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'In the Dirt' shines a spotlight on a passion for mountain biking in the Navajo Nation

A still from the new documentary 'In the Dirt' which explores the passion for mountain biking in the Navajo Nation.
Courtesy of T. C. Johnstone
A still from the new documentary 'In the Dirt' which explores the passion for mountain biking in the Navajo Nation.

In the 28,000 square miles of the Navajo Nation, where there isn’t a single bike shop, a group of enthusiasts come together, united by their passion for mountain biking.

The new documentary In the Dirt explores the popularity of the sport in the Navajo Nation. The film is being screened in communities around the Rocky Mountain West, including Boulder, Cortez, and Moab. The community events are also an opportunity to raise funds for the film's nonprofit partner Silver Stallion.

We spoke with the film's director, T.C. Johnstone.

T.C. Johnstone:  I did a film in 2012 called Rising from Ashes, which was the story of a group of cyclists who came out of the genocide in Rwanda and wanted to go to the Olympics in cycling. And I met a guy named Scott Nydam, who had just retired from professional cycling. Ten years later, I found out that he had moved to the Navajo Nation and had met a bunch of passionate cyclists who basically had started developing trails and created this amazing story that unfolded about how the bike brings people moving forward and thinking differently about the world that they live in and the world we all live in.

Maeve Conran: I think one of the most unique parts of this story is how this whole community of cyclists emerged in the Navajo Nation when there was such a lack of infrastructure. There wasn't even a bike shop in the entire Navajo Nation, which is absolutely massive. So, against those odds, to have this community emerge is pretty startling.

Johnstone: On the Navajo Nation, it's 28,000 square miles of land, and to not have a bike shop there, for most people, seems like it just doesn't make sense. But, I think it's a testimony to the resilience of the cast and their passion for their land, for the environment, for their people, and their culture. I think that's what I was fascinated with, and to earn the right to be able to tell the story was a true gift because they really allowed me in. But I think I learned more than anyone else on this project.

Conran: What did you learn?

Johnstone: Yeah, I think I had my own picture of what American history was. At the same time, I didn't realize that the Navajo Nation is in our backyard and a lot of people have traveled through it, but to get off the beaten path and to see where people live, in their life and their culture, and their values and to be treated so kindly. I think a big piece of this to me was just to learn that they were willing to look past my skin color, to allow me in, and to help me understand what this world looked like and we were having fun doing it. You know, I was seeing things that I had never seen and learning about culture and treated like family, and that's rare.

Conran: Tell us about some of the people that you feature in the documentary, some of their stories.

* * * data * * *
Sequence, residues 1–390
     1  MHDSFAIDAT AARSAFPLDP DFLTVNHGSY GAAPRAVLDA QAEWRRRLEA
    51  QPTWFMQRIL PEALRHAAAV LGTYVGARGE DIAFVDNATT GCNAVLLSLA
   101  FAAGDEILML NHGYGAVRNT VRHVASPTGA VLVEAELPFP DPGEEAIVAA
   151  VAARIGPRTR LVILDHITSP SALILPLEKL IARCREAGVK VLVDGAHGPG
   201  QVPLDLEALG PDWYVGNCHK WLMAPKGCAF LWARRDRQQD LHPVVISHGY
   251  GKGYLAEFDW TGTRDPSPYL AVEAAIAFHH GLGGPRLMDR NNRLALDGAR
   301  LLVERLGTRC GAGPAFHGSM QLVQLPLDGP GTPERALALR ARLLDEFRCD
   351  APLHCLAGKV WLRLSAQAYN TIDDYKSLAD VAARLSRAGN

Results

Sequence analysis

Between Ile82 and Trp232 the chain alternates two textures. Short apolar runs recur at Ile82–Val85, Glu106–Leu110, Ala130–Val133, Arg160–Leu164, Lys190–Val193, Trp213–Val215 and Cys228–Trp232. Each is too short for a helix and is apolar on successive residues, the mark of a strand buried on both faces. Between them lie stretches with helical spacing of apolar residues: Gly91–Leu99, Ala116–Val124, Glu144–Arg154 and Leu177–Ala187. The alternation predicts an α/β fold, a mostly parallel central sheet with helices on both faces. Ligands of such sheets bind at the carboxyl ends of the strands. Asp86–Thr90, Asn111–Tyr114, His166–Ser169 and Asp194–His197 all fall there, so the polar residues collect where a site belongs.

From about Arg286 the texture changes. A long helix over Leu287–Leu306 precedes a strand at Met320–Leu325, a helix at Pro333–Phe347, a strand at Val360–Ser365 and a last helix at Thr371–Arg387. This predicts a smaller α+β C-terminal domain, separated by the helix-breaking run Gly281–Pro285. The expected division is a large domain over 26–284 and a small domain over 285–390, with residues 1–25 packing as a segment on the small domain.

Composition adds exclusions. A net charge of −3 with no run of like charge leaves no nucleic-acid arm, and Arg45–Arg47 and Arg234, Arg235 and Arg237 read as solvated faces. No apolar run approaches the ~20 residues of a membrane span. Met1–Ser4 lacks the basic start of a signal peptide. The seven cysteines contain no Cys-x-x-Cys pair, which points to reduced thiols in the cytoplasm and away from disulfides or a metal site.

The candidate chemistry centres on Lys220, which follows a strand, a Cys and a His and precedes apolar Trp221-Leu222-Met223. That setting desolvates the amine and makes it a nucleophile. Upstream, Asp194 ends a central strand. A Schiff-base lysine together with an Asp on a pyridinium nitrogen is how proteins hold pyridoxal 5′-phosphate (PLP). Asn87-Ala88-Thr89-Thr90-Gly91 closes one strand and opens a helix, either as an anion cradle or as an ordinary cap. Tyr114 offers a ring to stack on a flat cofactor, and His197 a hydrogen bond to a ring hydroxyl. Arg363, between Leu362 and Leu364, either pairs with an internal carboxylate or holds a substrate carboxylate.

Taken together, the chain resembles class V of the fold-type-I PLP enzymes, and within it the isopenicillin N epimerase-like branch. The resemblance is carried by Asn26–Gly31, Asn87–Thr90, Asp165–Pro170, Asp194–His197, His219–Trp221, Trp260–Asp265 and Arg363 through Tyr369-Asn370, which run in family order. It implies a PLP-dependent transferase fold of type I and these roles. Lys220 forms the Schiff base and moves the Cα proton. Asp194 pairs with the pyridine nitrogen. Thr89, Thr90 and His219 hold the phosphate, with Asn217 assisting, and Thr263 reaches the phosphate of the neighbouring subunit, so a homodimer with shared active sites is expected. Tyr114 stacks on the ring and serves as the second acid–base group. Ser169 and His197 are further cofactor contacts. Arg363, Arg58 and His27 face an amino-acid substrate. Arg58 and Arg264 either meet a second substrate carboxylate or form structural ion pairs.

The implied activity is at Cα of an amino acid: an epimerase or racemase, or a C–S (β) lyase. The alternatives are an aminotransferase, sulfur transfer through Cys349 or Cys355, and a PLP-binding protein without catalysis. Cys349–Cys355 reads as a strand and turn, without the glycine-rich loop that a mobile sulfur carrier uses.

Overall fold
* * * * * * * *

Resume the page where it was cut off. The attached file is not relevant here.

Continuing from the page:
Johnstone: Most of the time when we do a film, they start out as cast, but in a film like this, I would tell you that these are now my close friends and, you know, we start with Scott, who then introduced me to Terrence and MT, a wonderful couple that lives on the Arizona side of the Navajo Nation, and they were the grassroots. They came from the heart. They had been around this for decades and had been really engaged in the bike from probably the inception of the mountain bike till now. So they've been carrying the torch for a really long time, but unbeknownst to them, and to a lot of others, is that there were these little pockets just like that all over the Navajo Nation.

Scott was this catalyst to kind of get everyone together around a common vision. Then, all of a sudden, different people started coming to the table, and you'll see some of this in the film. It just kind of exploded. The bike is this incredible tool to move your life forward because nobody else can do it for you. And when you see that on a kid's face, and you see the story that will unfold in the film, it's pretty spectacular to see what can happen in the lives of someone when we all decide that we want to take a step forward.

Conran: Well, I know you're hosting all kinds of community screenings of this in communities all around the Rocky Mountain West, Moab, Cortez, and Boulder and all over the place. What reaction have you been getting?

Johnstone: The reaction to this film has been a little bit overwhelming. I was expecting that there would be some folks who would want to show it in their communities, but we had no idea that it would take off like it did. This film's playing all over the country, actually, and people are realizing that this film is a tool to be able to share and have a dialogue about something larger than just the bike. It's about humanity, and it's about what it looks like in some sense to get back up and to see the world through a new lens.

This story was shared with KSUT via Rocky Mountain Community Radio, a network of public media stations in Colorado, Wyoming, Utah, and New Mexico, including KSUT.

Copyright 2024 Rocky Mountain Community Radio.

Maeve Conran
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